Saturday, June 23, 2007

Nuclear Reactors to Shut Down in 3 Weeks

According to this report that came over the wire a few hours ago, US Envoy Christopher Hill has successfully negotiated a deal in which North Korea will shut down its reactor in Yongbyon (the heart of the nuclear arms development program).

At the crux of the deal lay $25 million in assets frozen in Macao. The US had asked Russia to freeze the funds some years ago, but reports indicate that the money has been transferred to a North Korea bank account in Russia. The US also provided North Korea with some energy security.

The IAEA is due in North Korea next week to begin the disarmorment process and the six-party talks are due to recommence in the near future.

With a (potentially) meaningful resolution of the nuclear issue, the six-party talks hold much more promise for progress. Like all dealings with North Korea, I believe the North's cooperation is contingent upon the US' faithfulness to the agreement as well as the spirit of the agreement.

The nuclear/missiles crisis brings to light an interesting conundrum: The DPRK existence is predicated on the US (and Japan) as a perpetual hostile enemy. With the US making compromises and assurances for North Korean energy and practical security the US is acting more like an honest peace broker rather than a belligerent. In fact, the peace talks demonstrate that the US, ROK, and Japan are not looking to undermine the regime. With the undoing of one of the essential underpinnings of the North, how does the North legitimize itself? I say, it has to hold onto the past and anachronistic views of the US and Japan for its ideology to make sense.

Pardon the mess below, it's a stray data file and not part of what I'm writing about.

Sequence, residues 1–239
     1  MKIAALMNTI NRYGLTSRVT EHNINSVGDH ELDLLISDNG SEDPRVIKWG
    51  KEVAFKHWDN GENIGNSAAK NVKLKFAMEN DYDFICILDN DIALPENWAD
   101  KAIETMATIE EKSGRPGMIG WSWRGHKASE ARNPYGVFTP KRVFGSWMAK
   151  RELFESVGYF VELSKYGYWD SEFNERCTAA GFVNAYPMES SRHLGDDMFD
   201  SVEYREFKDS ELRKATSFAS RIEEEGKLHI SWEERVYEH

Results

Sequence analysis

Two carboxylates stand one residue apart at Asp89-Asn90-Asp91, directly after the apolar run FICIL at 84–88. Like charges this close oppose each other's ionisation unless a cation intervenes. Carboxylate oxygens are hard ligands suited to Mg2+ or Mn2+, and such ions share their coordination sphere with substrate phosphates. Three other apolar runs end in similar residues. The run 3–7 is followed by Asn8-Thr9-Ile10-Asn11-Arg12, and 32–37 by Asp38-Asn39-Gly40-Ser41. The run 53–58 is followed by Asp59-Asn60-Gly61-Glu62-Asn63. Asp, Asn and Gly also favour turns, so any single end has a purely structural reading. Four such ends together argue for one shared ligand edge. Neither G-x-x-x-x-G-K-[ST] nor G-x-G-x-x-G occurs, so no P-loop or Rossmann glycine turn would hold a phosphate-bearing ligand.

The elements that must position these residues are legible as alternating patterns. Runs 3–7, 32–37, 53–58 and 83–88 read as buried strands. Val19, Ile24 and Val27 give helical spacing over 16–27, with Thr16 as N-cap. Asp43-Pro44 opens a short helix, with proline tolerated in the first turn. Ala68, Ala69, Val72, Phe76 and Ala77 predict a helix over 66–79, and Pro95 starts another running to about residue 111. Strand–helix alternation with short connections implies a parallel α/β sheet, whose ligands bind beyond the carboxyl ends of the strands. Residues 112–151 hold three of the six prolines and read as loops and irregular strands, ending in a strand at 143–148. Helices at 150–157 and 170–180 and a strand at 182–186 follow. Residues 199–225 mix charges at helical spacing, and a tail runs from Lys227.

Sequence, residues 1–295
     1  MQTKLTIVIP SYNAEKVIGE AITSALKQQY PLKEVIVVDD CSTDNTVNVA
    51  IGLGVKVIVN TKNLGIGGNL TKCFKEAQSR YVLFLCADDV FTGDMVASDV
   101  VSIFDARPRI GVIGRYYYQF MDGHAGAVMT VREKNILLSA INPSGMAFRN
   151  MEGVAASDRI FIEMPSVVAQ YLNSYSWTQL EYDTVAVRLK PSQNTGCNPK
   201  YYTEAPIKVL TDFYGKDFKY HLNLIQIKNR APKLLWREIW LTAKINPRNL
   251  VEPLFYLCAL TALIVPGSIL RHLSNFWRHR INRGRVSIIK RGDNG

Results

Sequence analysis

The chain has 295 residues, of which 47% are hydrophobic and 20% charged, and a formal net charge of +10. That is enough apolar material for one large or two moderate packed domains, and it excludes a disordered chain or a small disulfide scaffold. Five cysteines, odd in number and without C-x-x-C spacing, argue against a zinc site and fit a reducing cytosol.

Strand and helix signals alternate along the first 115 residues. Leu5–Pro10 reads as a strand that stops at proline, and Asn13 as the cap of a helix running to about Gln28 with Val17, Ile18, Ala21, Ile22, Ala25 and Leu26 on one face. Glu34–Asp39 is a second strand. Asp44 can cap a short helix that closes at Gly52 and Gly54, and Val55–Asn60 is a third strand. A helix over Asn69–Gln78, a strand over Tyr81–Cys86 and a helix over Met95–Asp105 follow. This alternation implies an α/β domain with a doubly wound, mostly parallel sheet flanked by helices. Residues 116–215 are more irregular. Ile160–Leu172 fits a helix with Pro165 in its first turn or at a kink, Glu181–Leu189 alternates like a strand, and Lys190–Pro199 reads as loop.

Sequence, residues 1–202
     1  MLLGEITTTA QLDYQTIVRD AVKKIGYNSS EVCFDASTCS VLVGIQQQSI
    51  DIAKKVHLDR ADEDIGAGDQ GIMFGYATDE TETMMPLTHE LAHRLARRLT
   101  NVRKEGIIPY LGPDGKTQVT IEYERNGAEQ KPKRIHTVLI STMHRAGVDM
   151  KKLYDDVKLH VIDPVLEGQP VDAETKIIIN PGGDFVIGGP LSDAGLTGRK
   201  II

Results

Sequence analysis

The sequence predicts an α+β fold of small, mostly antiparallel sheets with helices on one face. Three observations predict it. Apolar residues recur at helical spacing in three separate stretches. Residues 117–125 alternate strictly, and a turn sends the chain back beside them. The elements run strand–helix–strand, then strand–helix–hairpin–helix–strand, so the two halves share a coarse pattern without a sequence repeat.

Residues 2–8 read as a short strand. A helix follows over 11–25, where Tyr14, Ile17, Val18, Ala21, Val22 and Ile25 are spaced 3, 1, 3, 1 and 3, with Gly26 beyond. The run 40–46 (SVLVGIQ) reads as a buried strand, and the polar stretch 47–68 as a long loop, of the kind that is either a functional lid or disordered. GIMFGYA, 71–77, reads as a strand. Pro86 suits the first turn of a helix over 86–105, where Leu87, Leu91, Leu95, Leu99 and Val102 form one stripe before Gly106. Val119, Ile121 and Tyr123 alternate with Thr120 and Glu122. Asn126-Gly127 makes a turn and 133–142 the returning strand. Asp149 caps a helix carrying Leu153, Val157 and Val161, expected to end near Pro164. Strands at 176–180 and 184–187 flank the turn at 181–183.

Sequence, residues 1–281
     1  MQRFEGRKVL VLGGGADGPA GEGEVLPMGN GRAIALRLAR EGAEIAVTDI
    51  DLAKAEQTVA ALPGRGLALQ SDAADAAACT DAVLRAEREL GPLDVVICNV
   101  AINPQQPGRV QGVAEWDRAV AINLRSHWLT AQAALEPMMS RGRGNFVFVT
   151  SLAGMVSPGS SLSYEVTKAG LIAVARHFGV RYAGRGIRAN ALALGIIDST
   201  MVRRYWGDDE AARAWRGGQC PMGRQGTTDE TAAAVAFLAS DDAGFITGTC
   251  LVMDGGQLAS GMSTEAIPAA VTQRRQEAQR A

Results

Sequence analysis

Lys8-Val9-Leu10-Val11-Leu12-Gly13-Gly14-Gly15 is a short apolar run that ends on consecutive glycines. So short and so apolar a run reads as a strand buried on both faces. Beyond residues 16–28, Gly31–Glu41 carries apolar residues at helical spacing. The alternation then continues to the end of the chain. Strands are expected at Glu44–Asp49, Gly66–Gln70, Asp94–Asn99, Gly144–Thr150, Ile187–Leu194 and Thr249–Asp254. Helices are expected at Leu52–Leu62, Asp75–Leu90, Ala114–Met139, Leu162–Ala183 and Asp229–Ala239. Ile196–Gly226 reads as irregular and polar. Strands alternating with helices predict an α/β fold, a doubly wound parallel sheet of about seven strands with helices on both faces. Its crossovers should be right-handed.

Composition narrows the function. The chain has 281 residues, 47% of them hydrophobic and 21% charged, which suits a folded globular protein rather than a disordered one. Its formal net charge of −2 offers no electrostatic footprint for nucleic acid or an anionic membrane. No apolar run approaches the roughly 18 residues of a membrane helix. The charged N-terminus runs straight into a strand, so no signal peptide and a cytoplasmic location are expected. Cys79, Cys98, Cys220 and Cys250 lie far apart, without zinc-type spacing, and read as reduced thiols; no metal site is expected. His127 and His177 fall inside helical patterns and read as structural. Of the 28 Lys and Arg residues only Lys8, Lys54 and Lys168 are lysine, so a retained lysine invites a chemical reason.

Christina Sin said...

I find myself being a bit apprehensive when it comes to this issue about shutting down a nuclear plant. I also think this issue might get a bit lost in the mix as President Bush gets ready to tie up lose ends before his term is over. I would like to think that Bush will continue to keep North Korea as a priority, but I find the timeline of three weeks to be too short and see this taking a whole lot longer due to lack of communication and to a certain degree Kim's stubbornness to keep his regime.

Min said...

I actually agree with Christina on a point about such short deadline for shutting down something like nuclear plant... We've seen these talks going on for decades and really, the only difference one might say is that between US has different president.
Along with what Prof. mentioned in class, I don't think having high hopes when it comes to dealing with North Korea is... somewhat useless (though I hope this kind of deals help with the dangerously high tension between the countries)